For the first time, it seemed like Gabriel was at loss of what to say, and looked like he was going to punch Jack in the face. Everyone was gawking at the two of them, eyes following the two back and forth as if watching a tennis match.


                “You-!” Gabriel started, fists curled dangerously.


                “Alright. Settle down, boys!”


                Thankfully, Ana stepped in between them before the two men came to blows. She was exasperated, like she was having to deal with two screaming toddles instead of two grown-ass adults.


                “How about this, since Jack’s already here, instead of me managing one side of the camp as usual, we’ll get him to. That way, Jack can both supervise our activity and come up with possible ideas to make this place run better.”


                Oh, this wasn’t just interesting anymore, this was way more entertaining than anything Hana could have been doing at home right now. Not only had the camp flown pass her poor expectation by half the planet, but this juicy, juicy drama was just to die for.


                Jack recoiled, eyes wide, “What?! Ana, that’s absurd! I’ve never run a camp before, it’d be much more dangerous than it already is! I’m only supposed to be taking notes and giving advice!”


                Obligatorily, the kids turned to Gabriel, expecting the man to explode at this suggestion. However, the camp leader was wearing a thoughtful expression that soon turned sly. Jack took an instinctive step back.


                “What? Scared now?” Gabriel smirked, his dark eyes gleamed devilishly, “So much for Mister Jack I-know-how-to-run-this-place-better Morrison.”


                Jack went a little purple, “You’re being juvenile!”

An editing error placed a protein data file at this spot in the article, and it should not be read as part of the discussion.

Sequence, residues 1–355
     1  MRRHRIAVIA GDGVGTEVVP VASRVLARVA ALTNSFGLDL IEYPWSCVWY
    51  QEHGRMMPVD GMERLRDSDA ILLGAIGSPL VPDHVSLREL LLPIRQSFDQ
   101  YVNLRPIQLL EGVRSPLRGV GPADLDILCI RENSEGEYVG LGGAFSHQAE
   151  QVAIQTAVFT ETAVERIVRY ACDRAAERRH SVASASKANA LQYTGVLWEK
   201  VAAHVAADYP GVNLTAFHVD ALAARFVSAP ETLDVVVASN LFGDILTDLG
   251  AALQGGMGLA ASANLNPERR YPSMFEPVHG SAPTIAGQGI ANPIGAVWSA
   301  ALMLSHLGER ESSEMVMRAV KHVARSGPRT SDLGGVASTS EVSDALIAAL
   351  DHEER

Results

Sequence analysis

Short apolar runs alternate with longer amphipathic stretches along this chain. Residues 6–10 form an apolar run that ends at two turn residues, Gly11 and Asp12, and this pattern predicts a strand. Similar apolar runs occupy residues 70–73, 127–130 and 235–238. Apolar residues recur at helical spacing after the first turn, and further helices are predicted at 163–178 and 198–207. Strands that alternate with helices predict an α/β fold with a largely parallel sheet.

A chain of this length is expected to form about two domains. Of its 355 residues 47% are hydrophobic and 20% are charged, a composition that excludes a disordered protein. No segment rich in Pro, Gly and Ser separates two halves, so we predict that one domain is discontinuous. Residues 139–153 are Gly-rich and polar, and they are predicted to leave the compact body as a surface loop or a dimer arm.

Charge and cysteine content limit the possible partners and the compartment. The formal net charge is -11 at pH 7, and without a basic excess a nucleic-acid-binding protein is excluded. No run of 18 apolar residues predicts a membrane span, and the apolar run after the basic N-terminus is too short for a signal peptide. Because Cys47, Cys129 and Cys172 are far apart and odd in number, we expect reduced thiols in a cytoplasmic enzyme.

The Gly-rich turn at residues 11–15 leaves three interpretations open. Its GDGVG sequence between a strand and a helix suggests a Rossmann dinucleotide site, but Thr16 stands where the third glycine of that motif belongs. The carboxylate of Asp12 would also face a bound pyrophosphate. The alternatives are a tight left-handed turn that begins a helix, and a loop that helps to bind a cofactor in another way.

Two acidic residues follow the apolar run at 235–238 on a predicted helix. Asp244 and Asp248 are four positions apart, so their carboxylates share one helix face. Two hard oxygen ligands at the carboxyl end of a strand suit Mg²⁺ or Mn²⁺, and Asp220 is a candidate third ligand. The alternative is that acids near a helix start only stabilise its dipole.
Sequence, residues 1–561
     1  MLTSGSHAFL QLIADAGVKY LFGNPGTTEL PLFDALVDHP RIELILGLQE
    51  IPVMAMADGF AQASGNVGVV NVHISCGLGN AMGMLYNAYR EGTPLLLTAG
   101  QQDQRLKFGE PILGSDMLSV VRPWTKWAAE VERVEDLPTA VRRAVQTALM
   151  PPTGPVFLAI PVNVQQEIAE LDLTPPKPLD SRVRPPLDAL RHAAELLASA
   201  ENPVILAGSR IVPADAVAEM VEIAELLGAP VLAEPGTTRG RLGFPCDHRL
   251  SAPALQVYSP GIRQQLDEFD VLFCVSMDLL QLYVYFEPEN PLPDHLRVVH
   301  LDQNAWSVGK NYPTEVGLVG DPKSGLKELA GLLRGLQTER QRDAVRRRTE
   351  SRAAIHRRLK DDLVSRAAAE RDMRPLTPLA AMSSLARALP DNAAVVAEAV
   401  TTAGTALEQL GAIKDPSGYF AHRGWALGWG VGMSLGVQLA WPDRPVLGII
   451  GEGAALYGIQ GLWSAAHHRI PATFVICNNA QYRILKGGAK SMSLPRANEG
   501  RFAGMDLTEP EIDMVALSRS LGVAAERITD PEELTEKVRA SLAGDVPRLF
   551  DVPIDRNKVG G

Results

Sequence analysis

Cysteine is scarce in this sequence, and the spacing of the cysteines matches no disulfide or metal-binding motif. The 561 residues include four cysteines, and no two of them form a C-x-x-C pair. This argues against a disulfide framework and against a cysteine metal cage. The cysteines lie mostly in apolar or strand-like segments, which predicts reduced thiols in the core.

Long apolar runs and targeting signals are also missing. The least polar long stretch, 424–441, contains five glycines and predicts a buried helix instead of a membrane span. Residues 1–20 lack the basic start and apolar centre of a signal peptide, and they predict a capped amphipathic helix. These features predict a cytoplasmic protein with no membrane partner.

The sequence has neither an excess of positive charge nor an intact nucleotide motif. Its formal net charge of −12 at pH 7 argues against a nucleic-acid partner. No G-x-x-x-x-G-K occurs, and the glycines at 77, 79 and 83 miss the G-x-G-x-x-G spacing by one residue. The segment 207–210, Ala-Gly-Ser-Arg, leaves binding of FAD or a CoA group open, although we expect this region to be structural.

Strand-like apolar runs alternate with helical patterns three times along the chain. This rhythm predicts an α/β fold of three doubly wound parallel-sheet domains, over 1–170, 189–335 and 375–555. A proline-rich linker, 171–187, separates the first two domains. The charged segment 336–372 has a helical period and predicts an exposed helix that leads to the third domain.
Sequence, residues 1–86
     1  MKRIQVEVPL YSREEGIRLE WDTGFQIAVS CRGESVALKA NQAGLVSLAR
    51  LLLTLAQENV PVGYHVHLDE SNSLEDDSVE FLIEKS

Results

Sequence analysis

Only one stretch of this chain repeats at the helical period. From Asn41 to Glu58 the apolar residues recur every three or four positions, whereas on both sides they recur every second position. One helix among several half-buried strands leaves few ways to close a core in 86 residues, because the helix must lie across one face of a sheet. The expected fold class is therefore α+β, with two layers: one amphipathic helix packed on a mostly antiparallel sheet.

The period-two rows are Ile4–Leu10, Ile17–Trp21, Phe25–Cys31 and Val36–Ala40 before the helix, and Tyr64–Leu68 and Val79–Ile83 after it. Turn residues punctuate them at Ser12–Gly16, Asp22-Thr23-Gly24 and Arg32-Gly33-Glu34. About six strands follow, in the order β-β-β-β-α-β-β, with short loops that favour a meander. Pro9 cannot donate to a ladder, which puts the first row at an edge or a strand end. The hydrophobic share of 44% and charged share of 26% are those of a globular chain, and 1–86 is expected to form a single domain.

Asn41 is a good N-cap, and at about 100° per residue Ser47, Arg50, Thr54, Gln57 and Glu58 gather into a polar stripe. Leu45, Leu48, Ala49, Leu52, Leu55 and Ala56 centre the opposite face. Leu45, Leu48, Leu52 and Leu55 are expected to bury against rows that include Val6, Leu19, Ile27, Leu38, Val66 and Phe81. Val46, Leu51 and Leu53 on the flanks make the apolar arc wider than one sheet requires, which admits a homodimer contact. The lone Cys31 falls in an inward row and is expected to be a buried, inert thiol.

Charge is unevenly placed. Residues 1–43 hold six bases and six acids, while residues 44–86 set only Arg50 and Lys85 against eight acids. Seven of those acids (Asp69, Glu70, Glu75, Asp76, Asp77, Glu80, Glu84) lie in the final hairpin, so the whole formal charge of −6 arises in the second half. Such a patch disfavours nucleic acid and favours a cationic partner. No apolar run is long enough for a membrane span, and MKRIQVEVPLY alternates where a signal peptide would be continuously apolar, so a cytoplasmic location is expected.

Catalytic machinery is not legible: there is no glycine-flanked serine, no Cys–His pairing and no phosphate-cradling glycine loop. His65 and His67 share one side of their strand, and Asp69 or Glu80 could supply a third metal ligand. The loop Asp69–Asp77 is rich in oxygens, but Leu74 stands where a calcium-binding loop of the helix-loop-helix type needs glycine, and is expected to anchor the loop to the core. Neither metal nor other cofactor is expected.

Palms up, Gabriel gave him the cheekiest, smuggest shrug Hana had ever seen in her life, “Hey, I’m not the one barging in on someone else’s business and insisting that I know better.”


                Sighing, and giving Gabriel a disapproving scowl, Ana then turned to Jack with an encouraging smile, “You’re going to be stuck here for two months anyway. The way I see it, both of you want to prove the other wrong, and this, other than just an activity, is also a competition. What better way to settle it? Besides, I’m going to be right here to help you.”


                Darting his stare between Ana and Gabriel, Jack was trapped. Desperately, he smoothed out his file, looking lost. And Hana was sure the kids weren’t helping with their excited chatter either, telling Jack to just go with it.


                “It’ll be fun!” A boy, not much older than Hana, with bright green hair grinned at Jack, whilst another kid in a cowboy hat nodded enthusiastically.


                “It’s like y’all be havin’ your own competition!”


                “You gotta show ‘im what you’ve got!” Hana chimed in, getting bolder as well. Though, secretly, she kinda wanted to be assigned to Gabriel. Even though he was kinda rude, the guy seemed to know how to have fun.


                The tips of Jack’s ears were turning red and, for a moment there, he was the definition of a lost puppy, looking at the faces around him helplessly. But his eyes hardened the second they met Gabriel’s, arrogant and challenging.




                The camp leader gave Jack a shark-like grin, “Perfect.”




                Jack regretted his decision almost immediately. Why was he so foolishly goaded into this situation???